Budding yeast

In budding yeast cells, vacuoles act as storage compartments of amino acids and detoxification compartments. Under conditions of starvation, proteins are degraded in vacuoles; this is called autophagy. First, cytoplasms, mitochondrion, and small organelles are covered with multiplex plasma membranes called autophagosomes. Next, the autophagosomes fuse the vacuoles. Finally, the cytoplasms and the organelles are degraded. Typical divisions Ascomycota (sac fungi) Saccharomycotina (true yeasts) Taphrinomycotina Schizosaccharomycetes (fission yeasts) Basidiomycota (club fungi) Urediniomycetes Sporidiales Yeasts are a growth form of eukaryotic micro organisms classified in the kingdom Fungi, with about 1,500 species described;[1] they dominate fungal diversity in the oceans. ... In chemistry, an amino acid is any molecule that contains both amino and carboxylic acid functional groups. ... Detox, short for detoxification, in general is the removal of toxic substances from the body. ... Schematic showing the cytoplasm, with major components of a typical animal cell. ... Electron micrograph of a mitochondrion showing its mitochondrial matrix and membranes In cell biology, a mitochondrion (plural mitochondria) is a membrane-enclosed organelle that is found in most eukaryotic cells. ... In cell biology, an organelle is a specialized subunit within a cell that has a specific function, and is separately enclosed within its own lipid membrane. ...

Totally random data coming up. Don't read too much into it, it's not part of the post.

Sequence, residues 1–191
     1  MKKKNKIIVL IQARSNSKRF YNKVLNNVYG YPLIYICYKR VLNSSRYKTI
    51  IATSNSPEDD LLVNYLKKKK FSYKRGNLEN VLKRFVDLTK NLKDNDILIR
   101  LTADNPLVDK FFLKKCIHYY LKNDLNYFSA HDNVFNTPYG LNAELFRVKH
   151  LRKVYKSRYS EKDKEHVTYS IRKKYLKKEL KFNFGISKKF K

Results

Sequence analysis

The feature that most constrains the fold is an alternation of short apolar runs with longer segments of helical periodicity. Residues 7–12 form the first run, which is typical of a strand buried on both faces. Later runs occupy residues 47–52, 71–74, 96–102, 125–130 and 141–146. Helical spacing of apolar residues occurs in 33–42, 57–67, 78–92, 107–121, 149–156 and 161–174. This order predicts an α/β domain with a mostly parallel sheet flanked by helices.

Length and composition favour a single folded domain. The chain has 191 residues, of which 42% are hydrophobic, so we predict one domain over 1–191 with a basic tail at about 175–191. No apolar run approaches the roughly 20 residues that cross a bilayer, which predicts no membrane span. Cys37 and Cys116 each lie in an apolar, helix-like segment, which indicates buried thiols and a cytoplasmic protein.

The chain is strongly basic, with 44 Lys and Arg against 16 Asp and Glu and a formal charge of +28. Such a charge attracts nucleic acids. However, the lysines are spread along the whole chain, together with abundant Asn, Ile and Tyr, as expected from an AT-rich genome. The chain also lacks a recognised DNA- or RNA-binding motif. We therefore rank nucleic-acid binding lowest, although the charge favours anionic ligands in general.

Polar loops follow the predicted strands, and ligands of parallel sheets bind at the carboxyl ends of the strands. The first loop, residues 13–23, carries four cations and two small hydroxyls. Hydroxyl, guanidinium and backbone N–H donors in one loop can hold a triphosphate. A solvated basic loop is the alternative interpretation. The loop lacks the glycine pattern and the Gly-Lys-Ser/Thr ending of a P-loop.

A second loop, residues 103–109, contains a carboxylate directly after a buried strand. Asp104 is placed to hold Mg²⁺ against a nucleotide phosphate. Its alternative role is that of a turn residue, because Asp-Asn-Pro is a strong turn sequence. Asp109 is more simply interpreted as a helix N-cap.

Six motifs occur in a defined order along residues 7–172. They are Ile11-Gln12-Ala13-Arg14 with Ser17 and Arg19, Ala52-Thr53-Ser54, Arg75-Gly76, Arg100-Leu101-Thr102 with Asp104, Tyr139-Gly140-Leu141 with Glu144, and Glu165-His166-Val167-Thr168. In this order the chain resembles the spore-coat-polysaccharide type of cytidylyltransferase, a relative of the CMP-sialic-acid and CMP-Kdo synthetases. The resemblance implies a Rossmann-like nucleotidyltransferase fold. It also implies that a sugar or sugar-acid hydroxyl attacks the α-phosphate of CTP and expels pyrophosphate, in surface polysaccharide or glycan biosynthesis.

In a vacuole of budding yeast, black particles sometimes appear, called a dancing body. The dancing body moves actively in the vacuole and appears and disappears within 10 minutes to several hours. In previous research, it was suggested but not proven that the main component of the dancing body is polyphosphate acid. But the main component has been determined to be crystallized sodium polyphosphate and its function has been studied. It is thought that its function is to supply and store phosphates in budding yeast cells. Polyphosphates are phosphate polymers linked between hydroxyl groups and hydrogen atoms. ...


Plants

Most mature plant cells have one or several vacuoles that typically occupy more than 30% of the cell's volume, and that can occupy as much as 90% of the volume for certain cell types and conditions.[2] A vacuole is surrounded by a membrane called the tonoplast. Plant cell structure Plant cells are eukaryotic cells that differ in several key respects from the cells of other eukaryotic organisms. ...